8universal quantification (cf. Ajibóyè & Déchaine 2004).

(5) a. (i) Wọn tò ní méjì méjì
3pl lin-up in two two
They lined up in twos (two by two)

(ii) Mo ra méjèèjì
1sg buy all two
‘I bought all the two.’

b. (i) Mo ra [ilé méta méta] sí Èkó àti Àbújá
1sg buy house three three P Lagos and Abuja
‘I bought three houses each in Lagos and Abuja.’

8 Note that, Ekundayo (1976:59) identifies three types of quantifiers in Yorùbá, namely, universal quantifier,
absolute quantifier and relative quantifier. His classification however excludes temporal quantifiers. ̣

Ajiboye: The Yorùbá Numeral System 5

(ii) [Ilé métèèta] tí mo rà sí Èkó ná mi ní mílíọọnù mẹwàá náírà
house all-three that 1sg buy P Lagos 1sg ? million ten naira
‘All the three houses that I bought in Lagos cost me ten million

Though in a full copying, at a face value, it is difficult to show which of the two
entities is the “base” and which one is the “copied”. However, both empirical
9(language internal) evidence and theoretical evidence show that the copied numeral is
attached to the left of the base (Pulleyblank 2009). Indeed, looking at a wide range of
data in accounting for copying in Yorùbá and using the ‘Syntactic operation of
Copying’ Ajíbóyè & Déchaine (2004: 2) claim that the copied element is attached to
the left of the base. This claim is in line with Hornstein (2001) where it is also asserted
10that the N-copy is attached to the left of the base in a Functional Phrase. Following
this evidence, I propose the structure in (6) for all cases involving full reduplication.

(6) N


méjì méjì
two two

I turn to the case that involves partial reduplication. Partial copying
As the name suggests, in a partial copying, only some part of the base is copied. In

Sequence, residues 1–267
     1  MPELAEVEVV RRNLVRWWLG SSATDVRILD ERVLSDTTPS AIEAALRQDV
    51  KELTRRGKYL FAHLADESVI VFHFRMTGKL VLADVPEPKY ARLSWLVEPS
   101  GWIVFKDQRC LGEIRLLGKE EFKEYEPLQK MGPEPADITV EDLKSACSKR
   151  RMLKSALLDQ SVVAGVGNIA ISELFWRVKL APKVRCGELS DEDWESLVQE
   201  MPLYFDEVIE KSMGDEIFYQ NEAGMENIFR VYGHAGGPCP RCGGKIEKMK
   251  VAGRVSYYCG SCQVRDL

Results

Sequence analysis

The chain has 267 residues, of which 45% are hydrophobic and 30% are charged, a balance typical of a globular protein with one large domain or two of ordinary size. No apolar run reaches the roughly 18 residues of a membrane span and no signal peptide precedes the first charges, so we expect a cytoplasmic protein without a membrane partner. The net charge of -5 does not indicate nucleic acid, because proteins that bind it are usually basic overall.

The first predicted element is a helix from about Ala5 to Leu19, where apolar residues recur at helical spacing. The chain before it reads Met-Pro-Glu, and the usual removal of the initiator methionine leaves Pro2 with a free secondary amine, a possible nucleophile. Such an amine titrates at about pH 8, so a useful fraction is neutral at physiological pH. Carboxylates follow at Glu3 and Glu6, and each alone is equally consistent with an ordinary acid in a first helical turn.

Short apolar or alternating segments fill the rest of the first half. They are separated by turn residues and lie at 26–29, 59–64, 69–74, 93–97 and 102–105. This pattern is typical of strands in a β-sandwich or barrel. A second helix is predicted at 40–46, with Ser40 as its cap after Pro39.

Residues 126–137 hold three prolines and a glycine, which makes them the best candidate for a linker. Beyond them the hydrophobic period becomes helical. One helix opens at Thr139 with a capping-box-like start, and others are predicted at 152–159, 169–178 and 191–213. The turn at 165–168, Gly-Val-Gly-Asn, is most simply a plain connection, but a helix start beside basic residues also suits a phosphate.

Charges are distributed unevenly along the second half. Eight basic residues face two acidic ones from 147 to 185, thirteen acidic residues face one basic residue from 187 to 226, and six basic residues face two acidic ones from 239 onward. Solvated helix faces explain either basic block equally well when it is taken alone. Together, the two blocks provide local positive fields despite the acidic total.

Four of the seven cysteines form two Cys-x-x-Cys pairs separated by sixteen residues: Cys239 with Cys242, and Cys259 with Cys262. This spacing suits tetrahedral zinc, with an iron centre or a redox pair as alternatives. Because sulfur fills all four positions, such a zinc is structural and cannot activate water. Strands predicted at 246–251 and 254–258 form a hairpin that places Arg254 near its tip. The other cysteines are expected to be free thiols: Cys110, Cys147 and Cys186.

Yorùbá numeral system, this morphological process is also employed in derived
numerals that have distributive interpretation (cf. Ajíbóyè & Déchaine 2004).

(7) a. àádóta [àd àádóta] àdàádóta
fifty RED fifty fifty by fifty

b. àádórin [àd àádórin] àdàádórin
11 seventy RED seventy seventy byseventy

9 Consider gerundive nouns where the initial consonant of the verb is copied to the left of the root verb and a
fixed high toned /í/ has to be inserted (contra Awobuluyi 2008’s argument that this is not always a high tone) to
break the emerging consonant clusters which the language does not allow.
(i) Base Copying /í/-insertion Gloss
a. dé d+dé dídé arrive-ing
b. sùn s+sùn sísùn sleep-ing
10For details on the syntax and semantics of ‘duplicative constructions in Yorùbá’, readers are referred to
(Ajíbóyè & Déchaine 2004).
11 Abraham (1958: xxxv) notes that consonant /d/ of the copied numeral in those examples can be displaced by
the euphonic ‘r’, without a change in meaning.


6 Ajiboye: The Yorùbá Numeral System

The first striking thing about the examples in (7) is that those derived numerals are no
more counting abstractly; rather, sets or groups are being counted. I treat this as the
effect of phonology on morphology and semantics of such numerals. The other
striking thing about those numerals is the “àá” morpheme which shows up at the
beginning. The fact of the language reveals that àá is underlyingly ẹwá ‘ten’. First, the
consonant deletes before the rule of regressive assimilation applies to the initial
12vowel. As I show in 2.2.3, these examples too can be sententially derived. In fact,
àádọta can be represented as ẹwá dín ní ọgún mẹta ‘ten reduces out of twenty into
three places’ underlyingly.
I treat the COPY entity as a kind of affix that is prefixed to the root in order to
derive a distributive numeral. Consequently, I propose the structure in (8).

(8) N


àd àádóta ‘fifty’

Observe that the prefix àd- attached to the base numeral noun to derive the distributive

2.2.2 Morphologically derived numerals: compounding
This second mechanism of derivation involves compounding. Compounding is a
morphological process of merging two already existing numerals to form a new one.
We observe this in numerals that involve the combination of ogún ‘twenty’ and igba